by Emily Drouillard
we are on the jolty CTA being stretched across the red line.
the metal is cold, very cold, matching the grey sky
as foggy as my vision but you can still see me
even though you are looking down at your
cooking magazine Lucky Peach with the psychedelic green cover.
roots and leaves pulled from the dirt
are now a mandala worthy of selling words.
you tear out a page and draw a heart in sharpie,
the lopsided kind that boys draw which
betray that they spent their time doodling
other forms of human anatomy in their algebra notebooks.
they’re more endearing like that.
I offered you a pen instead this morning
but you wanted something more permanent.
I hand back four scrawled lines that sort of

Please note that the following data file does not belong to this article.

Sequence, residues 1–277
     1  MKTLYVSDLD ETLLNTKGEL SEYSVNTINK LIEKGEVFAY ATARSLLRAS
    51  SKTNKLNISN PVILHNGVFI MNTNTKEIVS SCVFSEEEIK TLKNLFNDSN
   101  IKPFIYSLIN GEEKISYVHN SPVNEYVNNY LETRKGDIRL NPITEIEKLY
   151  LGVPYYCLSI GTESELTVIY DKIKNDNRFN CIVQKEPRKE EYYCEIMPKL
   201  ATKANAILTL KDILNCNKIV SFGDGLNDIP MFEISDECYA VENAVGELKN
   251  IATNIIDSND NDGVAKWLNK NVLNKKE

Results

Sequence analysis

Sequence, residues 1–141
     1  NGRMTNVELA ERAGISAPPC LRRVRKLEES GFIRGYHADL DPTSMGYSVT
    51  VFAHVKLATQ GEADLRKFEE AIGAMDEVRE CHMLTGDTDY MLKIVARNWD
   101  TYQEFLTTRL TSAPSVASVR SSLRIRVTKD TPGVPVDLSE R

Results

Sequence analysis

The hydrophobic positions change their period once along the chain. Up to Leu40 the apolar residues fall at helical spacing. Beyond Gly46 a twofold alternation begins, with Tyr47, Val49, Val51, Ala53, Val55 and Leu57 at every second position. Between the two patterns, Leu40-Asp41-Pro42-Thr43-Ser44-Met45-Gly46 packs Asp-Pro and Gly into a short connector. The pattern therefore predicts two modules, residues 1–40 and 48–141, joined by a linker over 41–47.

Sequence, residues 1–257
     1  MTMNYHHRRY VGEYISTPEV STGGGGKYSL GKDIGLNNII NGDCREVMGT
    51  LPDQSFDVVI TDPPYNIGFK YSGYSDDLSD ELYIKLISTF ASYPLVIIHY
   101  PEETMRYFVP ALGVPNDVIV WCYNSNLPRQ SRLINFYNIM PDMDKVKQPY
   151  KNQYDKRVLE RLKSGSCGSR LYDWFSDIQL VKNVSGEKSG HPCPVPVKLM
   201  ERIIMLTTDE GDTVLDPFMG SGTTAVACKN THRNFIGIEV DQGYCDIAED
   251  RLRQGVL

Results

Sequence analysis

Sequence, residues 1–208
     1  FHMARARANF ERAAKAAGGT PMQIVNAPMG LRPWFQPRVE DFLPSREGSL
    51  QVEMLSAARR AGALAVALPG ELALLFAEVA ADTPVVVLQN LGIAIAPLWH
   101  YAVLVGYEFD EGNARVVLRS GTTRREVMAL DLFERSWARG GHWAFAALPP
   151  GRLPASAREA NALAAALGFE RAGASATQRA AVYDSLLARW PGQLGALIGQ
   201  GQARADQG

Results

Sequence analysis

bleed through the page and neither of us realize until later that
they sort of did the same thing to our eyes.
and we are on but not in bed eating sweet spicy chili doritos.
the purple bag, (is that a hint of magenta?) it crinkles as your fingers dip in.
I lick the violent orange dust off of tip of your index,
nail bitten into oblivion, but a lesser oblivion than before we met.
I’m wearing two sweaters; one is my mom’s.
I told her it was tacky when she bought it in New York,
five years ago when I realized I would be buried there
but not for a lifetime and I didn’t know why.
now I’m wearing it, because she’s usually right.
she tells me to keep you. and I take off the sweater
because I’m pretty warm.